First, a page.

1. “WAKE UP!” and “FINISH! IT!” I get it, the dude is supposed to be fucking intense and fucking intense people shout random shit. Why, though, is he seemingly shouting commands at himself? Actually, I would like to pause here to ask you to reflect on the fact that a guy who literally has to maniacally yell commands to himself before taking action is a hilarious idea if done consistently.

John Cena: “Ryback, I think you have something you’d like to say to The Shield before our match this Sunday”

Ryback: “TAKE! MICROPHONE!” *heavy breathing* “RESIST URGE! TO EAT! IT!”

As awesome as that would be, that’s clearly not the direction they’re going with Ryback. Instead, it’s obvious that the only reason he says those random utterances is because they’re short enough to appear on t-shirts.

2. He has taken the hunger metaphor too far. It’s okay to be a man of few words, but at least make those words count. Every time Ryback attempts to say something relevant to an opponent, it just has to tie in to his “feed me more” catchphrase. This past Monday we heard him say “This Sunday, I feast on The Shield!” We get it, you’re the hungry dude. You say things that relate to eating. That doesn’t mean everything you say has to relate to eating. Trust us, we’re not going to forget. I can’t wait for the writers to really start reaching in order to make this work — “Seth Rollins, when I get my hands on you, I’m going to slather you in gravy before devouring you like a turkey on Thanksgiving!” At a certain point, the metaphor just becomes, at best, boring and overplayed or, at worst, kind of disgusting and gratuitous (tell me again, Ryback, how you’d like to place your opponents in your mouth).

3. The shoulder motion to “feed me more” chants before delivering the meat-hook clothesline. To me, it just reeks of desperation, like he’s trying way, way too hard to get the crowd to interact with him. It doesn’t feel organic, it doesn’t pump me up. I just find myself sitting there thinking “oh..right..this again…”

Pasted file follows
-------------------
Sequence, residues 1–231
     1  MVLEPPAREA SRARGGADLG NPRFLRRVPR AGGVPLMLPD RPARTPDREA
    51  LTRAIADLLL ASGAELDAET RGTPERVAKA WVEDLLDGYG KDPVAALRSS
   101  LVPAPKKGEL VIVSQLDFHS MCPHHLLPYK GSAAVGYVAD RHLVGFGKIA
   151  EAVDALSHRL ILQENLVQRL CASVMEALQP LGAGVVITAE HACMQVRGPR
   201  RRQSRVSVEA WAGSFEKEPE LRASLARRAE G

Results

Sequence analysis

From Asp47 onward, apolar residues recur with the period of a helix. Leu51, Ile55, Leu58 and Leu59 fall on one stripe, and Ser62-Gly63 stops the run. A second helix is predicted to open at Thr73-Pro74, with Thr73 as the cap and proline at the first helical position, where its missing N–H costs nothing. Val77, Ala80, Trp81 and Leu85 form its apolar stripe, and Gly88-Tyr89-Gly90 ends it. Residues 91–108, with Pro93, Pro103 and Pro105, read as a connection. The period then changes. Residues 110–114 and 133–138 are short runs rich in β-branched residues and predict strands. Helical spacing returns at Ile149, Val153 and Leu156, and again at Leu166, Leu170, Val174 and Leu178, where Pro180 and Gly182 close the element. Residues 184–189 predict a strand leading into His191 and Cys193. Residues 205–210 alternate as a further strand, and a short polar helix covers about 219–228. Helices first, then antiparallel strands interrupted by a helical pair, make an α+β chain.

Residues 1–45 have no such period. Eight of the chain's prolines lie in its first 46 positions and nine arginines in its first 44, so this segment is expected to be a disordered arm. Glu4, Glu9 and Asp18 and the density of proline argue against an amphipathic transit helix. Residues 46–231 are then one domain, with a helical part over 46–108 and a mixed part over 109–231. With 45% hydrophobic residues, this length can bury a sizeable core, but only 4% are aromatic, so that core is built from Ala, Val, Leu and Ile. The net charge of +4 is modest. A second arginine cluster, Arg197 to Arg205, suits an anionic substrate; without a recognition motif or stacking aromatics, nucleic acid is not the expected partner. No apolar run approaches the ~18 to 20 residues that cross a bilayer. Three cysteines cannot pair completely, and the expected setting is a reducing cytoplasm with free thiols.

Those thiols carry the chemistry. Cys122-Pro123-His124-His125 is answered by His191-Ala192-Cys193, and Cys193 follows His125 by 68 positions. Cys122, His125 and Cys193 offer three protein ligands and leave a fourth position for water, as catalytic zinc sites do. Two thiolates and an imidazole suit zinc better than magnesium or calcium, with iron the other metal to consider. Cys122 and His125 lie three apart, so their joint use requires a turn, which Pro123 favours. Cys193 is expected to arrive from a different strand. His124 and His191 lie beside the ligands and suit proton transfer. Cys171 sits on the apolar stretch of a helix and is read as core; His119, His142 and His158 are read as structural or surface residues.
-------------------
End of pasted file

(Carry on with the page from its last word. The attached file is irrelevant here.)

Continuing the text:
None of the above complaints would normally be enough to make me hate a wrestling character. It’s only a problem because that’s all there is to him. There’s no mysterious element to the character nor anything awe inspiring like the Undertaker.And there isn’t anything about the character that makes me think “okay this dude is genuinely deranged” like The Ultimate Warrior.

In fact, I think the one thing that Warrior had that Ryback lacks is genuineness. Even when he was rambling incoherently, you just felt that, whatever it was the dude was trying to say, he believed it. In wrestling, being a crazy, deranged freak is not an impediment to winning the fans’ adulation. You don’t have to make any sense at all!  But if you are going to cross over into crazy territory it has to feel authentic, not corporate. Unfortunately, the Ryback character just feels like a company production, it has no soul.

I have no problem with Ryan Reeves the performer. I actually think he did the best he could, even with the Skip Sheffield character, and demonstrated that he’s actually a decent talker. Maybe it’s just that the material he’s given totally blows. I also don’t think it’s too late to develop the Ryback character into something more memorable and worthy of the obvious main event aspirations Vince McMahon has for him. But they gotta start giving us more than the same old schtick. I have a suggestion: turn Ryback heel. Sure, it’s the easy way out, but WWE just doesn’t know how to build mainevent faces from scratch. Nobody can tell me that heel Ryback could be more boring than face Ryback. It’s just not possible.